It was my own snooping that allowed me to chance upon the most surprising aspect of the mosque - a large, really well kept and exceptionally tranquil mukbara, a Muslim cemetery, in the grounds of the complex.
And amid the graves there was a solitary woman, lost in her own thoughts or memories - I wondered about her story, I'm wondering still ...
S. Ganesan is a blacksmith. His smithy is a tiny space by the side of the road in downtown Chennai. When I came across him, it was mid-morning and already getting hot. The heat from his forge was almost overpowering.
Those artisan crafts that have survived in the west are usually practised indoors, away from prying eyes. In India, much more of life is on the street - because, for most of the year, the weather permits that and because poverty obliges people to work in the open. It is a public activity.
S. Ganesan forges iron used in construction sites, the sort that provides the supporting framework for concrete - and given all the building work happening at every side, you can see why his skill is in demand.
He was pleased that I was taking photos. And it transpired that the group looking on were his family: his wife; his son, who works in IT; and his daughter-in-law, who married into the family six months ago. They were happy to be photographed too.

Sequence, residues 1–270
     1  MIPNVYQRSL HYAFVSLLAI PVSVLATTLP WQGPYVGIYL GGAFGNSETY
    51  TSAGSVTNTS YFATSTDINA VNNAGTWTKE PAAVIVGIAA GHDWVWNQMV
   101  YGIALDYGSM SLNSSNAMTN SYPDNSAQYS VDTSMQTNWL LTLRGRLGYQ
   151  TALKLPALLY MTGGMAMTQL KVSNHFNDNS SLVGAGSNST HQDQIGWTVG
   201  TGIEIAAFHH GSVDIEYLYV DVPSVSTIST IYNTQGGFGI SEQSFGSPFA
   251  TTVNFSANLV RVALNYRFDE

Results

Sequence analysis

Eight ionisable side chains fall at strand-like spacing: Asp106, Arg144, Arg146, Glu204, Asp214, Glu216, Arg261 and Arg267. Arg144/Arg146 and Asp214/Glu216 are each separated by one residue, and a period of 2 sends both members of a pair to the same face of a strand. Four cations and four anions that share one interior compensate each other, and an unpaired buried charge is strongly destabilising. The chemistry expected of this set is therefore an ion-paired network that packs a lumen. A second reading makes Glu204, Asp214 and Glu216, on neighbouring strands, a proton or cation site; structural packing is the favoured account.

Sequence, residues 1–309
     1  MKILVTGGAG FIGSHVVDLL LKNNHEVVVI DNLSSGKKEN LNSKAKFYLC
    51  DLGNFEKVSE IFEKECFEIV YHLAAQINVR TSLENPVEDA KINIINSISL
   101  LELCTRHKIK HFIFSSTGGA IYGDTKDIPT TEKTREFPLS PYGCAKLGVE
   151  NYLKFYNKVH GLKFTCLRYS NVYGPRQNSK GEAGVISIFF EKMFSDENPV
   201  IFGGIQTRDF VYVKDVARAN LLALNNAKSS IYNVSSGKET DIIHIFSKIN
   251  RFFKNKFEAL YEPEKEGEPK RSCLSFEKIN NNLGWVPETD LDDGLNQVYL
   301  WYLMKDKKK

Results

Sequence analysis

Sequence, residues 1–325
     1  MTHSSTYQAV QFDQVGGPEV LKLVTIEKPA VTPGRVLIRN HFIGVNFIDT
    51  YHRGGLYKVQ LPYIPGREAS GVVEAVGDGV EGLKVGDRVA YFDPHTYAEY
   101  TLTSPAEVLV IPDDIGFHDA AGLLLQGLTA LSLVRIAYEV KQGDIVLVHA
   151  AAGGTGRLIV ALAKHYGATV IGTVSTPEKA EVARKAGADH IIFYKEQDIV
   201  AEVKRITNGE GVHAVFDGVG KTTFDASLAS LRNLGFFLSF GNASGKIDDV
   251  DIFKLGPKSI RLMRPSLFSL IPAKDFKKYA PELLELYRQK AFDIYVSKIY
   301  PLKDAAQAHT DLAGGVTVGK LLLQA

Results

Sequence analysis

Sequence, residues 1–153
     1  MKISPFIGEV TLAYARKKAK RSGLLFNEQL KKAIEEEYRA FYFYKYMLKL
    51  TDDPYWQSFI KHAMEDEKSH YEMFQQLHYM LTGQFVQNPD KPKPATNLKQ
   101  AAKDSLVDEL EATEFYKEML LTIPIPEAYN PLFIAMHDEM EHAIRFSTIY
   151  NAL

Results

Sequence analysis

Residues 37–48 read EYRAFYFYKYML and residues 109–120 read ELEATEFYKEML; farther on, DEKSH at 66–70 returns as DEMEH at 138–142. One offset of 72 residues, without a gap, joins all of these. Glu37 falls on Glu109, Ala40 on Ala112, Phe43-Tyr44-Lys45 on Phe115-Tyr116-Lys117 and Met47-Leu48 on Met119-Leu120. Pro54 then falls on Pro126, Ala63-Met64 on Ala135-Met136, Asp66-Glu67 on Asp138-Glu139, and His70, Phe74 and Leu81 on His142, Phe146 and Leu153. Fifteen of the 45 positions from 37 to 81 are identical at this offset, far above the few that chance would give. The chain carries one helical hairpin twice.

If your car or motorbike should ever need a bit of tinkering, Chennai is the place to come. Tinkering here has been raised to a service industry.
I'd always taken tinkering to mean fiddle-faddling about to little effect - with the basic requirement being that the 'tinkerer' has no expertise at all in the task they are trying to fulfil.
The online dictionary back me up in this: tinkering, it declares, is an 'attempt to repair or improve something in a casual or desultory way'. It offers as synonyms: 'try to mend/improve, work amateurishly on, fiddle with, play (about/around) with, toy with, trifle with, dally with, dabble with, potter about with, fool about/around with'.
This is Maria and Anbu at their wedding at the St Thomas Basilica in Mylapore, just off Chennai's Marina Beach. By chance, I happened to be there as the couple emerged from the church - and they were happy for me to take a few photos. The bride is wearing a stunning ensemble of sari and fine lace bridal train. It was obviously quite some wedding.
And quite some venue too ...
The Basilica boasts of being one of only three churches built over the tomb of an apostle - the others being St Peter's in Rome and the tomb of St James in north-west Spain. Yes, St Thomas, "Doubting" Thomas - the one who wouldn't believe the resurrection until he put his fingers in Christ's crucifixion wounds - lies buried in Chennai (or more accurately it's where his tomb is said to be).